The Not-So-Mad Science of Sleep
Wake Up to the Dream of Better Sleep
Apart from those of us who occasionally suffer from bouts of insomnia, there are two groups that show particular interest in sleep deprivation:
And mad scientists.
That's the beginning and end of the argument in favor of the importance of sleep, as far as I'm concerned. But this article does come with a listicle collated and correlated from a sea of Scientific Journals out there, so that you don't have to. It can be tough to go through in one go, so we will talk a bit more about all of these in our next articles.
It could be said that, for the most part, scientists have the best interests of the human race at heart, somewhere deep down. But it's their job to figure out about fringe cases that most of us wouldn't encounter in our lives. It's a scientist's job to think of unlikely events and to simulate them, in order to discover what happens when stuff gets weird. That suggests it's weird--i.e., unnatural--to fail to get enough sleep. Scientists might have good intentions, but they're supposed to ask, "how is this wrong?"
What makes a scientist different from a mad scientist is the whole health benefits thing. Results.
A mad scientist might want to encourage sleep deprivation.
A scientist will tell you how come you ought to avoid it.
So for instance, scientists always discover at least one thing in common.
Sleep deprivation experiments always note a marked drop in cognitive efficiency, which is scientist talk for when people think worse. One study I found did an experiment with forty-eight (willing) subjects. Some slept enough--eight hours in a twenty-four-hour period. The rest didn't sleep enough. Some didn't sleep at all. The experiment went on for two weeks. The scientists knew that sleep deprivation is so bad for you that the subjects who weren't allowed to sleep only participated for three days. So not even "in the name of science!" was enough of an excuse to deprive these poor people of sleep for more than seventy-two hours.
Their results were as you'd expect: problem-solving dropped--coping dropped--energy levels dropped. Most of us can provide ample corroborative anecdotes to back that up. I know I can.
The thing I love about science is how often you can use it to support both sides of your conclusion. There is as much research corroborating the health benefits of coffee, for example, as there is that corroborates its bad side effects.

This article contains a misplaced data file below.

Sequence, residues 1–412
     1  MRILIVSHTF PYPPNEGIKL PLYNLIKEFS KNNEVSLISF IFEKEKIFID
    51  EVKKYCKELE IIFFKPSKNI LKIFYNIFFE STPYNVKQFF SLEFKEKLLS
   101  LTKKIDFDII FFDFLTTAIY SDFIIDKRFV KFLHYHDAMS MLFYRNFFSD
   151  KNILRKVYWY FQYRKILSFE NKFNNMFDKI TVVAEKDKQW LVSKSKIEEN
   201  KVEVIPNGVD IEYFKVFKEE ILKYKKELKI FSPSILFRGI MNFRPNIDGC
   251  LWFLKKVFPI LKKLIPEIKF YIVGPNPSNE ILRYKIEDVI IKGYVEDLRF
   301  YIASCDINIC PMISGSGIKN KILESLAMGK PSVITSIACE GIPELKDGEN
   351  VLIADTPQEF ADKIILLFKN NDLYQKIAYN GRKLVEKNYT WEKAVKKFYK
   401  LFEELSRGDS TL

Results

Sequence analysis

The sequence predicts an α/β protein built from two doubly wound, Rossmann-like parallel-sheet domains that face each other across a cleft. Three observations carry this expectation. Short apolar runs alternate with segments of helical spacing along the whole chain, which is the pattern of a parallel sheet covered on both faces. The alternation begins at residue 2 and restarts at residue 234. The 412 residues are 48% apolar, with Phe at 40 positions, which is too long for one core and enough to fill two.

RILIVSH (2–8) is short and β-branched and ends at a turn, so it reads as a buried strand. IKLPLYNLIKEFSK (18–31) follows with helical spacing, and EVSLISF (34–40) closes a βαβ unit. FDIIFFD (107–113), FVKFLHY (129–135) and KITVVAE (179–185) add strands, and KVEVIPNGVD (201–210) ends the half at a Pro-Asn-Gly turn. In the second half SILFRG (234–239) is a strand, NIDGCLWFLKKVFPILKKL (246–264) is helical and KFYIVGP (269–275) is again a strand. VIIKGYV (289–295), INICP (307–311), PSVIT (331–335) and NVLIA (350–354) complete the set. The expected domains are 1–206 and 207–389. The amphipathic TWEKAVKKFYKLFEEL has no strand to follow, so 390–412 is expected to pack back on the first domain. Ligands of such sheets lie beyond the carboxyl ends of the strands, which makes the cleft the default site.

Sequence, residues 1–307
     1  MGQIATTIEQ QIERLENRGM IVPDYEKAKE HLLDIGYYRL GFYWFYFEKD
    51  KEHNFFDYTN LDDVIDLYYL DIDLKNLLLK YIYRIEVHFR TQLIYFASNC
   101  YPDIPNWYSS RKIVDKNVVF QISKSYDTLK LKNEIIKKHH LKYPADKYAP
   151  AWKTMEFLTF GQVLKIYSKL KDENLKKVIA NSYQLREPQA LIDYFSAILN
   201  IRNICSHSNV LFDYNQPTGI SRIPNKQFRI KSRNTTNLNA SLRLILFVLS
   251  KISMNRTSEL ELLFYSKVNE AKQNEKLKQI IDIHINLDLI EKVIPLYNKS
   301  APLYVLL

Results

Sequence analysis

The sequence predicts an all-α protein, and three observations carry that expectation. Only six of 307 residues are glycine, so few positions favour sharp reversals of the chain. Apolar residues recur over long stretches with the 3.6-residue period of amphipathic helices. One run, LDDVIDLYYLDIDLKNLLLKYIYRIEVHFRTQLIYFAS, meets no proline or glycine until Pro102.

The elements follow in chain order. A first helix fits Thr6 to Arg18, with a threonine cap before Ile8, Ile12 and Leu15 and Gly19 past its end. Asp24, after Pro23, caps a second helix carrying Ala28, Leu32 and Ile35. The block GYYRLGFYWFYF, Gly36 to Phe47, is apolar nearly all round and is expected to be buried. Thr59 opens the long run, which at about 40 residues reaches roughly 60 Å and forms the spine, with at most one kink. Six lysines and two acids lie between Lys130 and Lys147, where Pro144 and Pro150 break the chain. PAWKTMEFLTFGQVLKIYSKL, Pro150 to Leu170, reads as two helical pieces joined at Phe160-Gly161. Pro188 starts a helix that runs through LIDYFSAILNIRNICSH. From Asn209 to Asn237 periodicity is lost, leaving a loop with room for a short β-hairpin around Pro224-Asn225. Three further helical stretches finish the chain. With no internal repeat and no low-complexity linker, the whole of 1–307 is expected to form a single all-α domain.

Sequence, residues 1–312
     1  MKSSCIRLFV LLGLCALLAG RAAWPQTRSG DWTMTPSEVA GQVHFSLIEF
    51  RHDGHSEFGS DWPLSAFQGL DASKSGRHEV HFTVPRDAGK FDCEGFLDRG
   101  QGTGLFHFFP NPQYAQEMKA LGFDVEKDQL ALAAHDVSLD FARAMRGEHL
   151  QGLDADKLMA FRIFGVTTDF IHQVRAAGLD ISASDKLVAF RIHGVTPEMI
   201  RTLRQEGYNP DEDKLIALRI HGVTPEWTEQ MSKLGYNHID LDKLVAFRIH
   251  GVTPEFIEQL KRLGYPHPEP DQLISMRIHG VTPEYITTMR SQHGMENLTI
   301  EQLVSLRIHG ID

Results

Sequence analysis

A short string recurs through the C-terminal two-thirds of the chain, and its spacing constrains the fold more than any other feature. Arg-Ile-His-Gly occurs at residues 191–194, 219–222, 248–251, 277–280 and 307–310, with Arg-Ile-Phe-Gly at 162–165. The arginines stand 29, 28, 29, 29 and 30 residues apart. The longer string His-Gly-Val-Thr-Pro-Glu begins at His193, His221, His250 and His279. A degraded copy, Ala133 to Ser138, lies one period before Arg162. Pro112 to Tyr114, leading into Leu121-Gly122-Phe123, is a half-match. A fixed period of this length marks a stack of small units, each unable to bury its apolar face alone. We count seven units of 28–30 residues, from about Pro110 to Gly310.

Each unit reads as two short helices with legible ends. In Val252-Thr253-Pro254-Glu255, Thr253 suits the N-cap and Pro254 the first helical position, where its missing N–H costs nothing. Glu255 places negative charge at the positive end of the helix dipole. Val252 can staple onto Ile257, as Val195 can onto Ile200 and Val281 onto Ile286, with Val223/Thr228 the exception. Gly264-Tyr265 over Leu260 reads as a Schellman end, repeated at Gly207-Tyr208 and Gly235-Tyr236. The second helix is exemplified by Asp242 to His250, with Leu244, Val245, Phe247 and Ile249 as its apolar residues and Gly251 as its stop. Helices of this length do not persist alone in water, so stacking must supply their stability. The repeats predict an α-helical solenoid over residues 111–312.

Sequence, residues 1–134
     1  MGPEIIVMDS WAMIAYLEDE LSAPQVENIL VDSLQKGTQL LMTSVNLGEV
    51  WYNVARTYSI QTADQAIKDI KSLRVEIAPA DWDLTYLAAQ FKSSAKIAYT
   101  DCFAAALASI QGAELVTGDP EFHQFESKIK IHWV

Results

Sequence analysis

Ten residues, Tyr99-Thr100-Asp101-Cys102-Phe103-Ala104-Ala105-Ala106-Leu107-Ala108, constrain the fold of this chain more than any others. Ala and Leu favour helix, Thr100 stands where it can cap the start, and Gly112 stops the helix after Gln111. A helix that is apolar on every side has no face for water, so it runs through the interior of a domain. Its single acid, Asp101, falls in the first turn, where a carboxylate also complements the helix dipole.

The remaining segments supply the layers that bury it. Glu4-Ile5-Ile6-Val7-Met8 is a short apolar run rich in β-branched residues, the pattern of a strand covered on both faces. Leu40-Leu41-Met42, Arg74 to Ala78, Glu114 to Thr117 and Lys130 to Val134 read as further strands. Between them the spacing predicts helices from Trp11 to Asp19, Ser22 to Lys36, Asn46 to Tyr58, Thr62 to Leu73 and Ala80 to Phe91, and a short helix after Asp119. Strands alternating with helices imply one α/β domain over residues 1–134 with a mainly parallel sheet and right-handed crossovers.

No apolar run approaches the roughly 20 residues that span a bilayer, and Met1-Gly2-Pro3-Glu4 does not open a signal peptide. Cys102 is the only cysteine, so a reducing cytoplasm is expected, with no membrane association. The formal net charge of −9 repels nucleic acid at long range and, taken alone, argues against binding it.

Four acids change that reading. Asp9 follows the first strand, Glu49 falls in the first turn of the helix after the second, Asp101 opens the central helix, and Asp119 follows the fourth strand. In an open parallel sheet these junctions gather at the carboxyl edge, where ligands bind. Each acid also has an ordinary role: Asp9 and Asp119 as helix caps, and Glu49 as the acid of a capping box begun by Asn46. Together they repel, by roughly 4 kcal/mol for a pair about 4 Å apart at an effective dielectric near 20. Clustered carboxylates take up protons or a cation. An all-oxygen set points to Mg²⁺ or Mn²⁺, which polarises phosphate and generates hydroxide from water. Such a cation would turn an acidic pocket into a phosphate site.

It's often a good exercise to ask ideas to defend themselves like this. A strong idea will pass the test of being challenged by its opposing idea. That's why I still drink coffee in spite of the science that says I shouldn't.
I set out to find an alternative perspective to this idea that sleep is good for you.
I set out to find some reputable science that claims sleep deprivation is actually good for you.
It didn't surprise me to fail to discover that research. I found a paper that corroborated the drop in performance of humans who don't get enough sleep. Although the researchers couldn't determine a precise medical cause of this drop in performance. I found another paper that I like because it explains some of my experiences. Apparently, there is a small segment of the population that can get by with less-than-average sleep. They can't handle a lot less, and not a large segment of the population. Like, two in twenty-five, maybe, and only an hour or so less. Mostly, scientists agree that sleep is good for you.
Which is why mad scientists have helped sleep deprivation stay on the "cruel and unusual punishments" list.
The part that disgruntles me is naps. Because, like, have you ever thought to yourself, "Man, I'd really like a nap, but--". You get that far, but then you list off all the sources of guilt that you use to keep you one step ahead of the Grim Reaper? Because that happens to me every day. The hustle consuming us all keeps lighting a fire on our need to never take it easy.
What is up with that? What weird features of civilization combine to cause this weird guilt complex around RESTING? In a world full of unhappiness, hunger, and disease, and there is a portion of the population glutted with the greatest degree of plenty our species has yet achieved.
There is a portion of the population drowning in food, clean water, good health care, and shelter-- to a degree where we have to invent things just to cope with the plenty.
...And yet, somehow, we've discovered a way of sabotaging the only universal luxury accessible to everyone, enjoyed by everyone, needed by everyone: nap time.
So, finally, and in the interest of science and settling in with a logic that bodes well with you, here's a list of Sleep Aid Research we urge you to look into in order to find you Sleep Rituals and Sleep Habits that aren't so madly improbable for you and your current life:
1. There is considerable evidence in sleep deprivation and a drop in cognitive efficiency. Here’s Why You Can’t Think Straight When You’re Sleep Deprived, 2018 Sleep Deprivation Leads to Fragmented Memory Loss, Oxford Academic, April 2019 Sleep deprivation: Impact on cognitive performance, US National Library of Medicine National Institutes of Health
Tell us about your sleep, in the interest of science (and community). If you want to investigate what's been created as a natural sleep aid - Click here. Sleep Drops by Calm-a-Mama.com is safe for pregnant moms, babies, and just about everyone who dreams about natural calm and a sleep aid that's safe.
WEBSITE DISCLAIMER CONTENT DISCLAIMER. Our Blog Articles are written by health-loving mamas, papas and other health-loving fitness fans around the world. Health statements and claims herein have not been reviewed by the FDA. Brainiac Brands (Nutrient Elements and Calm-a-Mama) products are not intended to replace medical and professional advice. Neither is it our writers' fields of expertise to treat, diagnose, cure, or prevent any disease.